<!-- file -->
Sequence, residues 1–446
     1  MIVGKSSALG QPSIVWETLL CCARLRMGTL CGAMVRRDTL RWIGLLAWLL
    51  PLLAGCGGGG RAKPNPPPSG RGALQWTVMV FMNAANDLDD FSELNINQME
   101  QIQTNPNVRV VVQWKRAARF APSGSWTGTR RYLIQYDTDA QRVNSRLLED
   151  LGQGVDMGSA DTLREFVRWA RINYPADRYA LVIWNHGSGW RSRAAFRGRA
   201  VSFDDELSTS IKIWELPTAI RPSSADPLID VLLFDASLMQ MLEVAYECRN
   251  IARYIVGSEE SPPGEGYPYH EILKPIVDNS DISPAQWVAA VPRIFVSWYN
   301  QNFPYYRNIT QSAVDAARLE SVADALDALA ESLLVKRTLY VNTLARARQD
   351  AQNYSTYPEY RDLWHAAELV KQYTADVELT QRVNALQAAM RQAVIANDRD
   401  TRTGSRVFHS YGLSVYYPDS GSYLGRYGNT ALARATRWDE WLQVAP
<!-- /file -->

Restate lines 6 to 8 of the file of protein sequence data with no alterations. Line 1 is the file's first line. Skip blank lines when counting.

   201  VSFDDELSTS IKIWELPTAI RPSSADPLID VLLFDASLMQ MLEVAYECRN
   251  IARYIVGSEE SPPGEGYPYH EILKPIVDNS DISPAQWVAA VPRIFVSWYN
   301  QNFPYYRNIT QSAVDAARLE SVADALDALA ESLLVKRTLY VNTLARARQD